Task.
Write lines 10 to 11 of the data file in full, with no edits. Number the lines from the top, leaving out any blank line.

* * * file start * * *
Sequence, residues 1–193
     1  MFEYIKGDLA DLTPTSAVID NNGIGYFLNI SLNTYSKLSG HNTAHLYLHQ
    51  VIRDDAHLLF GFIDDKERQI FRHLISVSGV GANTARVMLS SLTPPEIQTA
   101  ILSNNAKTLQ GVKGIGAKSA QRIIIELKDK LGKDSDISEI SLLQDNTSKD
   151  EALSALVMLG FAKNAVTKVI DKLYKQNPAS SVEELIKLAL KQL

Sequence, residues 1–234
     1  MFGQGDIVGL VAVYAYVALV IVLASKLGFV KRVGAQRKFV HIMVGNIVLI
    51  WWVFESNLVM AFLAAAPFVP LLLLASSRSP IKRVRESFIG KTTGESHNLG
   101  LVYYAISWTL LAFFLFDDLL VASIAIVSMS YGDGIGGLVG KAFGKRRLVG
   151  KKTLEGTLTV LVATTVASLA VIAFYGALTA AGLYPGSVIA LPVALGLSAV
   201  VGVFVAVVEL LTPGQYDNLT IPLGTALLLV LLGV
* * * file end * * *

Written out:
   151  KKTLEGTLTV LVATTVASLA VIAFYGALTA AGLYPGSVIA LPVALGLSAV
   201  VGVFVAVVEL LTPGQYDNLT IPLGTALLLV LLGV